Austin Fogt: A-
It’s only that low because I understand the case for adding some wing depth for this year’s stretch run. The fact is that the Thunder were never really supposed to be here, and the thing that makes this team effective, fun, and unique is their chemistry. Why bother messing with that when you’re playing with house money?
For those wishing Presti had gotten draft assets or young talent: breathe in. Breathe out. Feel better? Calm yourself. Every single move that could have been made at this deadline will be available in the summer, including a Gallinari sign-and-trade. Presti established a baseline value for Gallo with the Heat rumors, and will now be able to force his value up. If it doesn’t happen? Again, house money. Just remember the dark days after trading Russ and PG. It’s going to be okay. At least we didn’t trade Andre Drummond for a box of tissues. YIKES PISTONS.
Matt Tierney: A-
Listen. Most people are gonna criticize Presti because he didn’t do anything. The alternative would have been to make a trade, presumably with Miami, but he would not have gotten his value back if he agreed to anything they were offering. Between those two scenarios, this was the best one.
Who really deserves some credit here is Gallinari. He could have easily taken the 1+1 deal with a team option that Miami was offering if he really wanted to get out of OKC. But he is content here, and that’s awesome.2
Did any of the moves that did happen around the league affect Thunder’s rebuilding project beyond this season?
Elrod: I don’t think so. Neither the Heat, Clippers or Rockets really mortgaged much of their future at the deadline and that’s when OKC will have their picks.
Mcewen: The jury is still out on how the Clippers and Miami’s moves will impact the Thunder. However, the Rockets dealing Capela and going all-in with small ball could greatly improve the chances of Oklahoma City utilizing their pick swaps with the Rockets. Potentially as soon as next season.
Fogt: The immediate and straightforward answer seems to be no. Let’s think for a moment, though. The Grizzlies sacrificed some cap flexibility. The Wolves went all in on a core of D’Angelo Russell and Karl-Anthony Towns (which, for the record, hard shrug). The Warriors ACTUALLY TOOK ON THE WIGGINS MONSTROSITY CONTRACT HAHAHAHA IM CACKLING. The Rockets ducked the tax and don’t employ a center. The Mavs stood pat. The Clippers have gone all in on this team and depend on two stars who can’t be separated from their health concerns. The Lakers stood pat except maybe getting closer to signing Darren Collison and soup-thrower JR Smith.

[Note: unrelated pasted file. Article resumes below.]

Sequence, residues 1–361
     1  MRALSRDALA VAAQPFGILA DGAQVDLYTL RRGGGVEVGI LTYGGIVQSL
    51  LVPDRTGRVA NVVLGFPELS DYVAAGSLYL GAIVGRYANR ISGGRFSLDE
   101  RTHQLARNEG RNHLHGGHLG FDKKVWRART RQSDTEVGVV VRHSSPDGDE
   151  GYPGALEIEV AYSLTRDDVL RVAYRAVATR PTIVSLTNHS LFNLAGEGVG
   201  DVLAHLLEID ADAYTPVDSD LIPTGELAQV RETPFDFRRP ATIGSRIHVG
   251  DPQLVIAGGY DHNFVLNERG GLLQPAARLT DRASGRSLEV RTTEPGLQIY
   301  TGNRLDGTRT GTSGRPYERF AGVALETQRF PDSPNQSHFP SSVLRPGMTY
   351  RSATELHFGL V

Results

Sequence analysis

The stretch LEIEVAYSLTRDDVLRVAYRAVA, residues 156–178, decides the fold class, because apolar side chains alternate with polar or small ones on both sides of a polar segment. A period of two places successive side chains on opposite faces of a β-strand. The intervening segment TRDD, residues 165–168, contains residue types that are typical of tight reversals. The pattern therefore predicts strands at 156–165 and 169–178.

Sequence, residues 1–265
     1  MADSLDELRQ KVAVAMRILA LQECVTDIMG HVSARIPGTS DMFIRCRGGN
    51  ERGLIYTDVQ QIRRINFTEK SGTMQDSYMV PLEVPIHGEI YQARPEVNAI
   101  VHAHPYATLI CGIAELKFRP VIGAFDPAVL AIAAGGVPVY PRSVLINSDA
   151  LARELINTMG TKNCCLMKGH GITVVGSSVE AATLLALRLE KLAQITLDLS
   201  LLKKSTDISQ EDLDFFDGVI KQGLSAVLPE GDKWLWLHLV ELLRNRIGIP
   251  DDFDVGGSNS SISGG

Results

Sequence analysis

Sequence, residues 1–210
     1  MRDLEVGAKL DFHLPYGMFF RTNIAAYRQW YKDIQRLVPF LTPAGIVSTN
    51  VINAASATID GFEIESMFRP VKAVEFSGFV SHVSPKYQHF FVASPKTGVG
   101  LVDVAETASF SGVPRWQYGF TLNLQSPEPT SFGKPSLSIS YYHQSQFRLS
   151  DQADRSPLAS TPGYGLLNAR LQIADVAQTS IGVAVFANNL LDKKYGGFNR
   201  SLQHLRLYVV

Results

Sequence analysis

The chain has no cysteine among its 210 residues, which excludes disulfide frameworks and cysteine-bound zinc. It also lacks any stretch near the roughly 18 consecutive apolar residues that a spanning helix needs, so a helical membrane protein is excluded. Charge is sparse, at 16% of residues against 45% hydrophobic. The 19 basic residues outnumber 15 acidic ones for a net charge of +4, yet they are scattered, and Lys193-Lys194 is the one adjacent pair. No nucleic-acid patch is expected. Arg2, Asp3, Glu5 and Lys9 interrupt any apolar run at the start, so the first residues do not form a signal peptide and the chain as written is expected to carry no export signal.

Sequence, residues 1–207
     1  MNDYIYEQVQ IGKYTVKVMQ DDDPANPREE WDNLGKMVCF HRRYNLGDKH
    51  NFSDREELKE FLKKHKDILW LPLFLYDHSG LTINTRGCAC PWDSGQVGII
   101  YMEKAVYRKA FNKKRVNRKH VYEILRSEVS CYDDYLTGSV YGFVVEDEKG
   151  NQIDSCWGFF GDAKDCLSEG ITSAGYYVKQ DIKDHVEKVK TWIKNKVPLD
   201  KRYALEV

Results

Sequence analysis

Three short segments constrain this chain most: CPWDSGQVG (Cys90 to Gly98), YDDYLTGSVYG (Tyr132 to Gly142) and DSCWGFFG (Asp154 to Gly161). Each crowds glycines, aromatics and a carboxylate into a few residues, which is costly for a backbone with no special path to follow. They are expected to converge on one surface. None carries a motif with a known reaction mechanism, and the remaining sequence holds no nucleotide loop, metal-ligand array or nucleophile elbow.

I’m just saying….I feel like the Thunder moved up in the hierarchy of the West, at least. They still have SGA and the necessary assets to flip for the next disgruntled star. It’s just a matter of time. What’s not to like? Okay, fine bump Presti’s grade up to an A if you must!
Flaim: Looking through the trades that happened, I don’t really see much affecting OKC’s future. I don’t think the Heat or Clippers moves significantly change OKC’s draft stock, though LA sending some young guys out might boost those picks further off.
Tierney: Everyone is (rightfully) trashing Golden State for their trade with Minnesota where they gave up D’Angelo Russell for Andrew Wiggins and a couple picks. But the picks are lightly protected and could be valuable. If they include their own pick (which will definitely be valuable), they may be piling up some assets to make a move that could get in the Thunder’s way. But for now let’s just keep laughing at the Warriors while we can. Miami is still an interesting target. They ended up sending their “salary dumps” to Memphis, so now matching Gallinari’s contract in the off-season has some added difficulty. But it can still happen if they are willing to budge on the contract negotiations.